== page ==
#201




I sat for the December sitting, scored very high on the analytics portion, but very low on the writing portion, and barley failed overall.
I'm pretty upset they just changed the format of the exam because I thought I would have any easy pass this time just by reviewing the material and copying their writing format for the December sitting. It still doesn't seem like it should be too bad, but I'm just about done reviewing and I'll probably be checking this forum regularly now. Whaddup everyone Also, I'm not sure anyone posted this yet, but it was in the Decmber thread and helped me a lot https://www.rbloggers.com/indepth...expertvideos/
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Last edited by Josh Peck; 05162019 at 04:54 PM.. 
#202




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Thanks for sharing! Gotta look into these videos after I get more familiar with module materials
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__________________ Prelims: VEE: FAP: 
#203




A couple things I was hoping to get some input on. Does anyone have a good way to check the residuals for a glmnet object? For a glm object all you have to do is plot(glm) and you'll get four model diagnostic plots. Any way to do a similar thing for a regularized regression model?
The only solution I can think of is to create a glm using the exact same features and coefficients as the glmnet model. Though any other easier ways to do this would be appreciated. Also on the topic of regularized regression, the family choices for a glmnet object don't include any positivitecontinuous distributions such as Gamma. What options do we have for making a regularized GLM with something like a Gamma distribution + log link? Last edited by Squeenasaurus; 05172019 at 03:13 PM..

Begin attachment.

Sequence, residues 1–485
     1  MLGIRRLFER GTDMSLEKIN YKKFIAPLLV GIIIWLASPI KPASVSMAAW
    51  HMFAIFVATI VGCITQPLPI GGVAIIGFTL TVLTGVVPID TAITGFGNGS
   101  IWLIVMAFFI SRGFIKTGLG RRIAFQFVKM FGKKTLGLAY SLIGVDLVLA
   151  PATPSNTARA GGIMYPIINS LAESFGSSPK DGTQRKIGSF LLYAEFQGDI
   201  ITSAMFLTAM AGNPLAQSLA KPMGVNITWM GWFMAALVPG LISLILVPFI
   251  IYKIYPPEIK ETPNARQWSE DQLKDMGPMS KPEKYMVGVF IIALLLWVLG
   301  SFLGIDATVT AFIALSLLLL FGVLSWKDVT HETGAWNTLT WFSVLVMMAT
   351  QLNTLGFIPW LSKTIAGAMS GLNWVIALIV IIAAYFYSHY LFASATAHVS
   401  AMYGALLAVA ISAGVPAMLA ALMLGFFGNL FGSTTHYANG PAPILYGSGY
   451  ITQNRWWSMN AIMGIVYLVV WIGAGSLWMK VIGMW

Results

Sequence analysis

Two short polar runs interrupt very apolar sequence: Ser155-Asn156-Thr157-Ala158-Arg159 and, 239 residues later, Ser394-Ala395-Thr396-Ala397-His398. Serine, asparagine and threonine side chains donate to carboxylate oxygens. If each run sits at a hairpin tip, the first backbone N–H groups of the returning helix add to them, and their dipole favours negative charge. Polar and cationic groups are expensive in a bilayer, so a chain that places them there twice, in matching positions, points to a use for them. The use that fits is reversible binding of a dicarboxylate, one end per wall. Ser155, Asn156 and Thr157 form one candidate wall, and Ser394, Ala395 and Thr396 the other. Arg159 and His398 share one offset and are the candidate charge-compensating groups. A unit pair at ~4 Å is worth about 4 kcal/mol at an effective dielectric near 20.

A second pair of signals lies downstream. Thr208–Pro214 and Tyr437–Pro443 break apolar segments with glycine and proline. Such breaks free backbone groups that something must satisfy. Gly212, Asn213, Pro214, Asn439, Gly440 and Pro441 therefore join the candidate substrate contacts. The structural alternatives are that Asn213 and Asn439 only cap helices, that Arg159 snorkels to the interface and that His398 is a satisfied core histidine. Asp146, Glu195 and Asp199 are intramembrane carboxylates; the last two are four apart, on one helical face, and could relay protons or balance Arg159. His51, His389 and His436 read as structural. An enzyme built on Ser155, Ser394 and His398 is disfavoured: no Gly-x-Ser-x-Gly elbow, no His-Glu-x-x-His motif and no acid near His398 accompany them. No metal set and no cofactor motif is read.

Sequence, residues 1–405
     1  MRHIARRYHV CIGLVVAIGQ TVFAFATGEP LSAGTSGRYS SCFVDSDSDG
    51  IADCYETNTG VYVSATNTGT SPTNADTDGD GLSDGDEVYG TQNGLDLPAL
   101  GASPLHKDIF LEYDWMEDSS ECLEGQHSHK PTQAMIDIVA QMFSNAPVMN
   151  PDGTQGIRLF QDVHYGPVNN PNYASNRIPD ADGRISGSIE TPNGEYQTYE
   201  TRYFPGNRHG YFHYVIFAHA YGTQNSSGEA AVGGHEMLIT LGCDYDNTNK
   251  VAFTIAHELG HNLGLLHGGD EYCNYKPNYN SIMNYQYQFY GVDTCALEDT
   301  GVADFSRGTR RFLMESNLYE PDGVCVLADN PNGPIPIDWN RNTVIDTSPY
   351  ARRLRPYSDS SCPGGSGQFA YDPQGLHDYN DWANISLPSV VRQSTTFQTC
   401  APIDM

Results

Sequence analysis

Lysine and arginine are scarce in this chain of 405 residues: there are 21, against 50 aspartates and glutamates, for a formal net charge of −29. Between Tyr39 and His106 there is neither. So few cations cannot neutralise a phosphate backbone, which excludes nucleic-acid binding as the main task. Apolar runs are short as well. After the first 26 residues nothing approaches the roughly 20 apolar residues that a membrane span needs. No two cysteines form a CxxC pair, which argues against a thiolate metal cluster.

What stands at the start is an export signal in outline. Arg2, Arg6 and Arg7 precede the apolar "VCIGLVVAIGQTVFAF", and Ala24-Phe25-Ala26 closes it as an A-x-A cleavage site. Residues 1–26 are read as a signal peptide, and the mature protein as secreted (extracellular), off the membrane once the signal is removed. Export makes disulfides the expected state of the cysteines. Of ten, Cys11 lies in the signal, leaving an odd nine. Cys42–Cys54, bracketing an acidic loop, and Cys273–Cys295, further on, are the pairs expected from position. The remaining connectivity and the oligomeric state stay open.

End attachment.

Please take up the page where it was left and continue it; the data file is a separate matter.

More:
#204




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This is a proxy to get to your gamma distribution, but not exactly perfect. It's the best you can do with the glmnet() function, and certainly will be good enough in the context of the exam. 
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#208




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Modeling a log(target) implies that ln(target) has a mean of XB with a distribution of your family function. You are right that E[f(x)] =/= f(E[x]). So they are not the same. But in the context of glmnet(), I am not sure a better approach exists. Last edited by midwesterner; 05172019 at 05:26 PM.. 
#209




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Y ~ Normal(mu, sigma) The link function comes into play by specifying a relationship the mean of this distribution has with the predictor variables. ln[E(Y)] = B0 + B1*X1 + ... + Bp*Xp + error or E(Y) = mu = e^(B0 + B1*X1 + ... + Bp*Xp + error) Notice how this says the expected value will always be positive but it places no restriction on the actual Y values. They can still be negative because it is normally distributed. Now let's say you have a OLS linear model (AKA a GLM with a Normal distribution and identity link function) but you logtransformed the target variable instead. This is saying: ln(Y) ~ Normal(mu, sigma) The link function is the identity so its simply saying: E[ln(Y)] = mu = B0 + B1*X1 + ... + Bp*Xp + error Notice how here we are saying the actual Y values must always be positive. If you look closely, Y actually follows a LogNormal distribution. This will then also always produce positive expected values for Y. In short, they are not the same because E[ln(Y)] != ln[E(Y)] 
#210




GLM Functions
Does anyone know where I can get a good summary of the different distributions and link functions associated with a GLM? In the new sample problem I was able to pick the Logit and Probit link functions as appropriate but really wasnt able to expound upon why. I dont think the modules go into very good detail on these topics.

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